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Wednesday, March 09, 2011

City Planning Commission Approves Design Changes for Rambla Pacifico Road Rebuild

• ROA Succeeds in Getting Amendment to Coastal Permit

BY BILL KOENEKER


The Lower Rambla Pacifico Road Owners Association went back before the Malibu Planning Commission last week seeking an amendment to their coastal permit for design changes to the road construction.
The planning panel approved a redesign that allows for building two retaining walls, one 18-foot-high wall and one eight-foot high wall, along the edge of the approved roadway.
During construction of the roadway, according to the staff report, grading occurred outside of the LRPROA easement and encroached onto the Malibu La Costa Owners’ Association property addressed as 3850 Rambla Pacifico.
As the grading on the property was not approved by the MLCOA, a stop work order was issued by the city. Since that time, the ROA submitted plans to restore the cut areas on the La Costa property and everyone agreed about the scope of work.
“However, the two parties could not come to an agreement regarding additional grading on the MLCOA property, which could have resulted in allowing the two approved gravity retaining walls along the edge of the MLCOA property to be buried beneath finished grade. Without an agreement to complete grading outside of the roadway easement on the MLCOA property, the exposed gravity retaining walls will measure 18 feet and eight feet in height as measured from finish to grade.
“Since the finished height of the two retaining walls exceeds the maximum height allowed under [coastal plan], they could not be found in substantial conformance with the walls approved under the coastal permit. Therefore an amendment to the approved permit with the inclusion of a variance from the maximum retaining wall height permitted in the [coastal plan] is necessary to move forward with roadway construction,” wrote Senior Planner Stephanie Danner.
Danner concluded that due to the fixed location of the roadway easement and the existing topographic conditions in the area along the lower portion of the reconstruction area, the height of the proposed gravity retaining walls is necessary to construct the roadway approved under the coastal permit approved by the planning commission.
The commission also granted approval for the installation of drainage improvements.
The proposal is located along two parcels entirely within the Rambla Pacifico Road right-of-way, according to city documents.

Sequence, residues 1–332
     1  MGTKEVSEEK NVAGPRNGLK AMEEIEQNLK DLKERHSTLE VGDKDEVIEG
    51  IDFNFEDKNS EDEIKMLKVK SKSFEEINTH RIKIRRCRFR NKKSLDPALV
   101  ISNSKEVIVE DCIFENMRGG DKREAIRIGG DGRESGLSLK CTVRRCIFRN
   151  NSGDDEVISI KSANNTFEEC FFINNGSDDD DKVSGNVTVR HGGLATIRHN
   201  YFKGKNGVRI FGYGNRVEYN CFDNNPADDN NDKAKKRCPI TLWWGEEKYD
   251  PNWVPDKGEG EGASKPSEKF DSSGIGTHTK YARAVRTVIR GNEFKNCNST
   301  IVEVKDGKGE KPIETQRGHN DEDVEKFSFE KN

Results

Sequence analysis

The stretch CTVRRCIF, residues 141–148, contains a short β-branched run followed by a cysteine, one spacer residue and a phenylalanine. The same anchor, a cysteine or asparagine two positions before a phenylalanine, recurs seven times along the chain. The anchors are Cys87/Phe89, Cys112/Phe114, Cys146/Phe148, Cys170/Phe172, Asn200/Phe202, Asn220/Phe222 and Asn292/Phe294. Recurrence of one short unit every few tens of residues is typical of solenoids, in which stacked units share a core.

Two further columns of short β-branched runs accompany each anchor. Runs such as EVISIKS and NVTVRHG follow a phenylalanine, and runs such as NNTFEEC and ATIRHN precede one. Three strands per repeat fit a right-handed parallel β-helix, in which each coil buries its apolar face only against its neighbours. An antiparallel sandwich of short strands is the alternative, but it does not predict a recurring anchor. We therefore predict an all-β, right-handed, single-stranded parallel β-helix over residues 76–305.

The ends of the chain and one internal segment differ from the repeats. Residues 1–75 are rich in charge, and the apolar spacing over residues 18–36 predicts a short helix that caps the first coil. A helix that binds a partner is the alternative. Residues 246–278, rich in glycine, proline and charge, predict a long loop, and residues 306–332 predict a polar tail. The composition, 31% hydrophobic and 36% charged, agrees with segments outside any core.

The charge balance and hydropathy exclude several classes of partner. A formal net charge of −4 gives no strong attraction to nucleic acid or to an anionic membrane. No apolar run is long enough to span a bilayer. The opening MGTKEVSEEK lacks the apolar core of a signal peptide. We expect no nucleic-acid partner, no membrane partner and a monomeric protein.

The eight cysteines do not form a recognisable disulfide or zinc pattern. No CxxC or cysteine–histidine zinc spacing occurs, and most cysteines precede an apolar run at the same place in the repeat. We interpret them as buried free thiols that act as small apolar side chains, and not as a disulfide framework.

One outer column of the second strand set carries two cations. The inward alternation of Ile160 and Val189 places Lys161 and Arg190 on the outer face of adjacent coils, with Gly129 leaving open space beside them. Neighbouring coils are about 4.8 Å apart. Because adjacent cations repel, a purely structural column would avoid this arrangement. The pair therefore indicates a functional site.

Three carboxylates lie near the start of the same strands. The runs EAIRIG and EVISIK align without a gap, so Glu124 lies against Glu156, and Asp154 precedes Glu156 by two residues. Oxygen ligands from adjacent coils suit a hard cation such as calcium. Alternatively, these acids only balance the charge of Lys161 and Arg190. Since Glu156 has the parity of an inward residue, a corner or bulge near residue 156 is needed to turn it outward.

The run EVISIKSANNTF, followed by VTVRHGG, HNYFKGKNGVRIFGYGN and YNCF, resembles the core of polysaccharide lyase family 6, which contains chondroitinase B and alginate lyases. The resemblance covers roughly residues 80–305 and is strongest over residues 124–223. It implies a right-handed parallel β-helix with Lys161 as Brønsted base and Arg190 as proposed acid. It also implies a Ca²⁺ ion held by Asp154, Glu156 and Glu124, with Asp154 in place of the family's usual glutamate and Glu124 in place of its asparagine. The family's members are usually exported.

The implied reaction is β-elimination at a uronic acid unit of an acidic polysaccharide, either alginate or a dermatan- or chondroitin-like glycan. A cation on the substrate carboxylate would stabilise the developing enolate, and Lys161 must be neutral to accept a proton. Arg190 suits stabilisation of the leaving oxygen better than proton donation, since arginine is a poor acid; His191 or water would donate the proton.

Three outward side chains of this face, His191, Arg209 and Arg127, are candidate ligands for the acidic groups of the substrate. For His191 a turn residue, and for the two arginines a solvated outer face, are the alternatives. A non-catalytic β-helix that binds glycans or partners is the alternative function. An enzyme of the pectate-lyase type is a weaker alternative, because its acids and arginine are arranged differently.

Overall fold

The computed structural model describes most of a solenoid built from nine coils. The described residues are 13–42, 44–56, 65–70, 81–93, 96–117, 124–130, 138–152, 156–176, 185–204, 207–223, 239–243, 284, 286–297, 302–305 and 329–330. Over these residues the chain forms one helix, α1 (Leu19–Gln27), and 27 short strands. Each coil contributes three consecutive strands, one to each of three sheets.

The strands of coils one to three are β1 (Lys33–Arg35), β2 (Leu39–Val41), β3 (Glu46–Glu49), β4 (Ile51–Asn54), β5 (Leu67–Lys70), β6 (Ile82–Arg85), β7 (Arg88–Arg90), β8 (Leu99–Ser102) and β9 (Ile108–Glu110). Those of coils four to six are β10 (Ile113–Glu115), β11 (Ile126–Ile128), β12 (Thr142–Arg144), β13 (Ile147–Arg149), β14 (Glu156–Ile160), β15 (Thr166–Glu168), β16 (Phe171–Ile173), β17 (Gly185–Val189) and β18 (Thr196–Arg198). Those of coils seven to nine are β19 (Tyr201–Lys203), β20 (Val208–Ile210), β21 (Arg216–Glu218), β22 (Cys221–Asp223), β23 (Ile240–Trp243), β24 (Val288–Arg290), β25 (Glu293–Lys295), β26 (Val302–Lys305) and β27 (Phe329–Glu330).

Last December, the road association appeared before the city council, which approved vacating a portion of Rambla Pacifico Road, and agreeing to take a non-vehicular access for public use across the vacated right- of-way.
As the city attorney explained it, the ROA is going to give the city the easement for a non-vehicular trail.
The LRPROA is trying to put in a private emergency access road to reopen Rambla Pacifico Road.
The vacation action or rather inaction was marked by fits and starts with the various hearings being scheduled and postponed for the last several months.
The ROA had pleaded with the city to not take action on vacating a portion of the road until they were finished with the roadwork.
The ROA has stumbled into several legal roadblocks, including finding evidence of who owned what on the easements and underlying easements, which complicated matters for the ROA and the city.
The city attorney acknowledged that various parties had raised concerns about ownership of the property owners easements and the ownership interests of the ROA.
“It is still ongoing,” the city attorney said at the time, but noted that claims that the road easements would revert to the adjacent property owners appeared to not be true. “It is unfolding as the ROA said it would,” the city attorney added.
The ROA has sought to construct an alternative access road for decades, following a landslide that permanently blocked access between the upper and lower portions of the canyon road from Pacific Coast Highway.

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